Queenslanders not protected by current CTP scheme



Leading insurers Suncorp and RACQ have welcomed the Palaszczuk Government’s commitment to crack down on claim farmers targeting the Queensland compulsory third party (CTP) insurance scheme. 

RACQ CEO Insurance John Myler and Suncorp CEO Insurance Gary Dransfield said the announcement that the Government would now introduce legislation to stamp out the predatory behaviour was a win for all Queensland motorists, however it does not go far enough.

“Despite a steady decline in the number of car crashes, we’re seeing a growth in dodgy CTP insurance claims due to an influx of claim farmers and NSW-based lawyers encouraging people to exploit the system to get cash payouts,” Mr Myler said.

“All motorists will eventually pay for this type of rorting through higher premiums.”

While RACQ and Suncorp both supported the move to stamp out claim farming, the insurers agreed this must be followed by additional scheme reform to protect all Queenslanders.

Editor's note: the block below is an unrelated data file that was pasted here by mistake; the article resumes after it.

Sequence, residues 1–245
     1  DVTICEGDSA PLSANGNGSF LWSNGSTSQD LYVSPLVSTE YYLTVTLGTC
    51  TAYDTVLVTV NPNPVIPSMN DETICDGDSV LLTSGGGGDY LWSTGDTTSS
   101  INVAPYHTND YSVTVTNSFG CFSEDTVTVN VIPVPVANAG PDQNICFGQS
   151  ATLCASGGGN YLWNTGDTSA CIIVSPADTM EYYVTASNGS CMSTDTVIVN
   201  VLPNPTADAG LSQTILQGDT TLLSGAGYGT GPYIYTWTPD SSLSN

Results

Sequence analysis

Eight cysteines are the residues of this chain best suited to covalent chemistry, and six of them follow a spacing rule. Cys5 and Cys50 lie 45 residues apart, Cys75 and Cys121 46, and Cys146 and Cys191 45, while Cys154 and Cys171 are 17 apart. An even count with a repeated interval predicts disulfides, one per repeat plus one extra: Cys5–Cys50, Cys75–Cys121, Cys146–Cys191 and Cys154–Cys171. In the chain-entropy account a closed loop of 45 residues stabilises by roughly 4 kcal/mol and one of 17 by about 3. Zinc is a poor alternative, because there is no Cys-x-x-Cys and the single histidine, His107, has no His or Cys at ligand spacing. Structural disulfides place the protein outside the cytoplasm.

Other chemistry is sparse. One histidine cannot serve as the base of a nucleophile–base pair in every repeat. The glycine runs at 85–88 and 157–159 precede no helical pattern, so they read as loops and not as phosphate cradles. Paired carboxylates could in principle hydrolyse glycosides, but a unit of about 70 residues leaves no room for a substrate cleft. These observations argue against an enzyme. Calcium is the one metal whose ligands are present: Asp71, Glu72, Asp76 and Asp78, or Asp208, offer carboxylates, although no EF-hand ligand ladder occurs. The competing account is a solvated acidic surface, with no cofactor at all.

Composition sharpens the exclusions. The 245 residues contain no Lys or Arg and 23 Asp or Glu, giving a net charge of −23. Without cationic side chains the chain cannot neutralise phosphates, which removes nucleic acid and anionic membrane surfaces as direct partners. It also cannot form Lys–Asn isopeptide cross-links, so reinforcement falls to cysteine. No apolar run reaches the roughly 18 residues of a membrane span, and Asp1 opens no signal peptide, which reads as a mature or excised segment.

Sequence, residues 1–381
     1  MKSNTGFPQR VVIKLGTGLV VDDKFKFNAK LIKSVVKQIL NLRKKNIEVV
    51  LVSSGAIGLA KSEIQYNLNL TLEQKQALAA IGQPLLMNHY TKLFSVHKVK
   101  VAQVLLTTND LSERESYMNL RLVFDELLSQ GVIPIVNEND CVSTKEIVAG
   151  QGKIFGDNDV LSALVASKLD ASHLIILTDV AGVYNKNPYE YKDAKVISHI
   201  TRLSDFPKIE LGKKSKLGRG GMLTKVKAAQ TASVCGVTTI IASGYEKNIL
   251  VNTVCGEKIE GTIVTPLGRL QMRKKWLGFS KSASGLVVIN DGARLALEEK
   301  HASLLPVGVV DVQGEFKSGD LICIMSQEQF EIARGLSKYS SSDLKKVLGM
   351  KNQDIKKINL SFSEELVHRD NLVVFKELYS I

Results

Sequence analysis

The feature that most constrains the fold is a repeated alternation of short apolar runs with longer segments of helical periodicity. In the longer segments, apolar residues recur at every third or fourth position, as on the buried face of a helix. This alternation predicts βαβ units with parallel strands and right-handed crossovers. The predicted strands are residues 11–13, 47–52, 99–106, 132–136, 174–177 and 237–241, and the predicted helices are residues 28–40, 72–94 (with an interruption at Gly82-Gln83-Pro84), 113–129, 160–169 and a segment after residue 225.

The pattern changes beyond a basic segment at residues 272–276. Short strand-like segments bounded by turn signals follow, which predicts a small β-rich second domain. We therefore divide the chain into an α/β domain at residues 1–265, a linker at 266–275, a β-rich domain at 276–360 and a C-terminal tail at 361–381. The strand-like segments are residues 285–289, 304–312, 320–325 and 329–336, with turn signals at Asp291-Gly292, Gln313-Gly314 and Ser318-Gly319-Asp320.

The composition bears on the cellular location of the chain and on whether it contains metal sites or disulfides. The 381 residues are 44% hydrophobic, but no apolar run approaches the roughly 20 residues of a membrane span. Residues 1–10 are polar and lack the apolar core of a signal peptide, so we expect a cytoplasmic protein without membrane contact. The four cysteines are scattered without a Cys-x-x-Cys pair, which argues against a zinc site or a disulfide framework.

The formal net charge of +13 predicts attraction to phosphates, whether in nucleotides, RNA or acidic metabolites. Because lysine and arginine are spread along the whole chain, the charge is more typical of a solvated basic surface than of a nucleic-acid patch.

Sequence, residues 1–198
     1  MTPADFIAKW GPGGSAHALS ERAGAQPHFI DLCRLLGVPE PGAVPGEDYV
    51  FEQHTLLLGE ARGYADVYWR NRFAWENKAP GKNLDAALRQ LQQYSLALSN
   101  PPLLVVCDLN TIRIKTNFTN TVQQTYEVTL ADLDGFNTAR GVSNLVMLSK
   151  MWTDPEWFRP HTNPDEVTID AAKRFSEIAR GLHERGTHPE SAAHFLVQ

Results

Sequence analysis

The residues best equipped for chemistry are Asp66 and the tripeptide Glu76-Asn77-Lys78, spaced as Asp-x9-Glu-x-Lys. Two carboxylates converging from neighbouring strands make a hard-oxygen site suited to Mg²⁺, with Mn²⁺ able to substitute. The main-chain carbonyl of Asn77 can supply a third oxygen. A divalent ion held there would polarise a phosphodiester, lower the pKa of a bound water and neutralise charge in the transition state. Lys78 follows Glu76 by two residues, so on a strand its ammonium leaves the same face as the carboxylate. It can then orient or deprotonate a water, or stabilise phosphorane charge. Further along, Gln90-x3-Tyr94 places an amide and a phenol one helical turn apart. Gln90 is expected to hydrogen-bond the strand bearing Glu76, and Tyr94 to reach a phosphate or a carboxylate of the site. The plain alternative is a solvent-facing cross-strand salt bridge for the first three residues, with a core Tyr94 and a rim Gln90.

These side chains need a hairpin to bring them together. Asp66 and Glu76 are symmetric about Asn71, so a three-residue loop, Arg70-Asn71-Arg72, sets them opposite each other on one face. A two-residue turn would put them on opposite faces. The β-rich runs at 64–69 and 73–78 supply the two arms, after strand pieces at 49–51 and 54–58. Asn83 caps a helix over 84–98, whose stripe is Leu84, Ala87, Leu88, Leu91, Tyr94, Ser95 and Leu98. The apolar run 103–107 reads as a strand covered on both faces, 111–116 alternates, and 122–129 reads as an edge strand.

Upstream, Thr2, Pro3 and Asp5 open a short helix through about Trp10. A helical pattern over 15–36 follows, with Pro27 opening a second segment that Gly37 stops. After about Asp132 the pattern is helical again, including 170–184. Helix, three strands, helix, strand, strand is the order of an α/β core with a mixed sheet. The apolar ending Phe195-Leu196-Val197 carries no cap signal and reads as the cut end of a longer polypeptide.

Mr Dransfield said the only way to really fix the issues within the CTP scheme was to remove the incentives that drive this type of behaviour.

“It’s time for the State Government to introduce defined benefits for minor injuries like whiplash, bringing Queensland into line with other states. This will allow genuine claims to be processed faster and leave the CTP scheme less vulnerable to rorting,” Mr Dransfield said.

“Queenslanders are currently missing out on a fair CTP scheme that covers everyone, regardless of who is at fault in an accident.” 

“While we support an investigation into claim farming, this is a band-aid solution when the entire CTP scheme needs reform in Queensland,” Mr Myler said. 

“The fact is, we need a no-fault scheme like we’ve seen work in other states. Too many Queenslanders have their lives devastated and are left in the cold with no support from the current scheme.”

Both insurers agreed a no-fault, defined-benefits CTP scheme would provide greater certainty for insurers which would help lower premiums and keeps insurer profits in line with community expectations.

Traditionally competitors, the two Queensland insurers first joined forces in 2017 to call on the State Government to protect the interests of all four million Queensland motorists by reforming the current CTP scheme and bringing it into line with the NSW and Victorian schemes.  

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